Friday, February 1, 2013

On why this feed is about to be all about the Ravens.

I grew up in a home where we went to church on Sunday, listened to classical music, had elaborate dinner parties, watched Dynasty, and the only sport we played was shopping the 70% off sale at Talbots.

But, on Saturday afternoons, we dressed in scarlet and grey and screamed our heads off for the Ohio State Buckeyes.

Football was something that everyone watched, lived, breathed. When the retired head coach, Woody Hayes*, passed away, my father (the pastor), walked into my bedroom and said, "Jacquelyn, get up, God died".

Gender or athletic ability had no impact on someone's commitment to football. Football existed. Like the sun comes up in the morning and the uprights get pulled down after the Ohio State/Michigan game (until they changed how they were made and stopped the annual upright carnage - spoil sports). And we loved it.

When I went to college, I went to one football game. And left before it was over. My liberal arts college was good at a lot of things. Football was not one of them. So, I started playing rugby. Tackling is fun.

When I moved to Minneapolis, I never fell in love with the Vikings. The 90s weren't good years for football in Minneapolis, people weren't passionate about it. The Packers fans, I understood. They lived and breathed their team. But they were never my team.

Then, I got a job offer in Baltimore. I honestly hesitated. This was the town that stole my Grandpa's favorite team. This was the town that now housed the hated Art Modell ( know, everyone loves him - it's hard to love him when your Mom's family is from Cleveland). But this was also the town that had their Colts stolen in the middle of the night in a Mayflower moving van. An event that had also caused my Baltimore born father to wake me up holding the picture of the van on the front page of the Columbus Dispatch. If any town deserved the Browns it was Baltimore. And it was my dream job.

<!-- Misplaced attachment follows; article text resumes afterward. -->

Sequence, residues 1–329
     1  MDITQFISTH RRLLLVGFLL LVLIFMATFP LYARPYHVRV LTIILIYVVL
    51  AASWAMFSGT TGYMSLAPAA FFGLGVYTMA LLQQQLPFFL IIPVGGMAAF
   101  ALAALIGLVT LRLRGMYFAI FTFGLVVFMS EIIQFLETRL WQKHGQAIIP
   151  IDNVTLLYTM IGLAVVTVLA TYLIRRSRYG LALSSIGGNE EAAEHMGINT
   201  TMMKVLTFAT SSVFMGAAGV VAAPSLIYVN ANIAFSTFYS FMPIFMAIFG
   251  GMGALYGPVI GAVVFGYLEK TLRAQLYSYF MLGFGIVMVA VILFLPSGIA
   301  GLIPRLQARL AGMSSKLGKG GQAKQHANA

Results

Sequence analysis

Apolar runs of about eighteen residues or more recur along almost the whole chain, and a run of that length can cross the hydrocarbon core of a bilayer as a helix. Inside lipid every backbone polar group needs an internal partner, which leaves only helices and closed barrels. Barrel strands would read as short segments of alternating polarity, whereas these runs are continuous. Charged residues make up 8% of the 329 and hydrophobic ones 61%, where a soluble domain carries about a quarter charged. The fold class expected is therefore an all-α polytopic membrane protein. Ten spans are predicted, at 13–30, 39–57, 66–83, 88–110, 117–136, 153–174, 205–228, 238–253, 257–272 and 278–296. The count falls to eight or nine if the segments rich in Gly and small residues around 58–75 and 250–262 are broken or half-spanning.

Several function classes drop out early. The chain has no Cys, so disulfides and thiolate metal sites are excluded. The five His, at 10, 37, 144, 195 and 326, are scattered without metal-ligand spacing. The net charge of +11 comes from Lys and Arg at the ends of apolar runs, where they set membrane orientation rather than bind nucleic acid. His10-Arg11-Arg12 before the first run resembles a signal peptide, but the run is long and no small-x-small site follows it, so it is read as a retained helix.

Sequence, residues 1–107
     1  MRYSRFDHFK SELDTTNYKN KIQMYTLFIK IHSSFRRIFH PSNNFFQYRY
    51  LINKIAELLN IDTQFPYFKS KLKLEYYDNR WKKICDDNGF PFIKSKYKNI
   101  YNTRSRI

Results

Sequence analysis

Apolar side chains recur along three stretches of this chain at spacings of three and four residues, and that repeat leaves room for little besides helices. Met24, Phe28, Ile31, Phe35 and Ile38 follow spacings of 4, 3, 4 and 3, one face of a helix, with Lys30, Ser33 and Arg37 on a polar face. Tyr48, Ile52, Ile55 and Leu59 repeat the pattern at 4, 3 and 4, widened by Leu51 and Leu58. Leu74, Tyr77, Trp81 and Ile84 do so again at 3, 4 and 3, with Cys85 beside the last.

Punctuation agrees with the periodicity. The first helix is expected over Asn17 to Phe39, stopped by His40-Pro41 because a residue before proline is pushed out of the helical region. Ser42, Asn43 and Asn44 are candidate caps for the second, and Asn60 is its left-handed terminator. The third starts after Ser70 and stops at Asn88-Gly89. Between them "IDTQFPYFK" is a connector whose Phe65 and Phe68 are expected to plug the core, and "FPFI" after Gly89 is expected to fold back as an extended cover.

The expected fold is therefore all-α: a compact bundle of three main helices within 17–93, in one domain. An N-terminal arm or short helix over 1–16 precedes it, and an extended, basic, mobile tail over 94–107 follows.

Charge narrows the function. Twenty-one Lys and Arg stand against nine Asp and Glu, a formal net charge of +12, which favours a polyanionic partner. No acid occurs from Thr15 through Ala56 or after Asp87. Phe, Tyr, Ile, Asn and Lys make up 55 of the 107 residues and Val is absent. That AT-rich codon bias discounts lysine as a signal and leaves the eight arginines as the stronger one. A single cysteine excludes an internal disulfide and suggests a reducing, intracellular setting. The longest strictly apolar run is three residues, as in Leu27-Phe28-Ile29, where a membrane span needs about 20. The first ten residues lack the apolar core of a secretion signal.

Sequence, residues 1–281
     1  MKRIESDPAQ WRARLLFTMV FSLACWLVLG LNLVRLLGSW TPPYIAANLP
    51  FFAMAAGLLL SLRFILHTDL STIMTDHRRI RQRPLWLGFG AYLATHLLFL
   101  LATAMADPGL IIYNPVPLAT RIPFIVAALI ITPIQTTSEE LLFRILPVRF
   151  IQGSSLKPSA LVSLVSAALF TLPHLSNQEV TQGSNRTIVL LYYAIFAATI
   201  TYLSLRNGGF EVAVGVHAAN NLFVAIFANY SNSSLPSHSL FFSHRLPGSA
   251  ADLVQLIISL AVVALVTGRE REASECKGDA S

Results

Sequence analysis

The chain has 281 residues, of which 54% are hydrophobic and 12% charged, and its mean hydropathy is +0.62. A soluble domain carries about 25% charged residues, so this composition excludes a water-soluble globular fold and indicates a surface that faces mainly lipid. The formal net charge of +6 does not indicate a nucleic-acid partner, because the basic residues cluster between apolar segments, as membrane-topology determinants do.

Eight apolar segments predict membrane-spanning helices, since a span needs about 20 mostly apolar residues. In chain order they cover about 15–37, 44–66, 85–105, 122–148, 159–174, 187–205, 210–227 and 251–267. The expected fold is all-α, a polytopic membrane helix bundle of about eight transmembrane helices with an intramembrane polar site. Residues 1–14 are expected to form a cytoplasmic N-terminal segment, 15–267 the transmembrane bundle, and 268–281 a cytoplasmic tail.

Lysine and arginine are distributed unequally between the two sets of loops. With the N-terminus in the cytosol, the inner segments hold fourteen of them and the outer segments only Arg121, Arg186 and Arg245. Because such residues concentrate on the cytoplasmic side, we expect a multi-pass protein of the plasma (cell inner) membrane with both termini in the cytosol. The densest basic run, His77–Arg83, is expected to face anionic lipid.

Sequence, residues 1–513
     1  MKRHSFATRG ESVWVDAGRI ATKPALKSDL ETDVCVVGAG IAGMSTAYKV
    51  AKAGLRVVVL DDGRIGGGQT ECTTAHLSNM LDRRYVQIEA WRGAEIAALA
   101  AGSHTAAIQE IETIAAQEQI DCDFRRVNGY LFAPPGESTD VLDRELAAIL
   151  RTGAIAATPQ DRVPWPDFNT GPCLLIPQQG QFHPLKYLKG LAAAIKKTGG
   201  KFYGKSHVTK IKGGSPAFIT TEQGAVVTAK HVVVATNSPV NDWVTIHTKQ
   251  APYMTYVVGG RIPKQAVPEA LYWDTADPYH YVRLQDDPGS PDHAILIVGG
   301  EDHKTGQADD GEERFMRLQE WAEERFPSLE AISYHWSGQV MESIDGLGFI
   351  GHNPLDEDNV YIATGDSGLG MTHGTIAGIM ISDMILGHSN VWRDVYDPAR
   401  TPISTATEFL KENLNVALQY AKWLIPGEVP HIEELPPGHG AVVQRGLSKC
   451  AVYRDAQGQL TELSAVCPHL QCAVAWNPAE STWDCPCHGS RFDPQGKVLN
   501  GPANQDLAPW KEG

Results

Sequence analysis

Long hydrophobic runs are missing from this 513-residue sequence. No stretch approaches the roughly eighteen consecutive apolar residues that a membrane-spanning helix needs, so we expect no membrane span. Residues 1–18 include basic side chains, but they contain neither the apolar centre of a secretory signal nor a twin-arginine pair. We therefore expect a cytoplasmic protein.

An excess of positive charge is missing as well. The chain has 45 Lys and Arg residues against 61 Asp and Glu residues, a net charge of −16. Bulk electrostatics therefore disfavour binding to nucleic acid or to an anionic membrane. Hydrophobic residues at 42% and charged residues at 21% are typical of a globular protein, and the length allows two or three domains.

So, I moved. And slowly, I fell in love. First with the town. The salt water in the air, the fog by the water, the strangers on the street that chat with you, the neighbors who know everything about you and ignore your oddities, a town that thrives on it's strangeness and it's heart.

My rugby team raised money by working one of the beer stands at the stadium. One day, beer sales were over, we'd cleaned up the stand, but the game was still going on. It was close to the end of the 4th quarter, the Ravens were behind but barely. It came up that I'd never seen a live professional football game. Someone made me go into the stadium to stand on the steps and watch the last three minutes. The Ravens had the ball, brought it down the field and Matt Stover came out and kicked a field goal with seconds left on the clock. It was electric. It was loud. I was hooked. I was home.

There are many things I love about the Ravens. We're always the underdogs. We play with heart. The fans fan with heart and fierceness. And, as a woman, a femme, a lesbian I have always been welcome. In this town I have yet to meet a man who looks surprised that I know a decent amount about football. When I go to the games, the crowds are diverse in age, ethnicity and gender. And when you walk around the city on Fridays and Sundays, a ton of folks are in purple. This is a football town.

I remember the last time the Ravens were in a Super Bowl. There was a crowd in my living room in Fells Point glued to the TV screen. Siragusa had a brilliant sack (of course). The defense scored most of the points. We won. I cried. I couldn't believe it. People spilled out of their homes screaming, yelling, hugging. It was amazing.

And now, more than a decade later, we're back there again. And I can't believe it again. No matter what happens Sunday, on Monday, I'll be hanging my #52 jersey in the closet. And I'll be a proud Raven's fan.

In the meantime, you'll be hearing more Ravens chatter from me. On Sunday, I'll be sitting in my lucky seat in the bar in Remington where people who know each and people who don't will share a series of moments that we'll never forget. We'll scream and yell and hug and probably cry. Because. It's football. It's the Super Bowl. It's tradition.

Go Ravens.

And, thank you, Mr Lewis, for 17 years. We're going to miss you. Your talent, your intelligence and your passion have been a gift to the Baltimore community we will never forget. May your next endeavors provide you with as much joy as you've given us.

Next week, we'll be back to sex.

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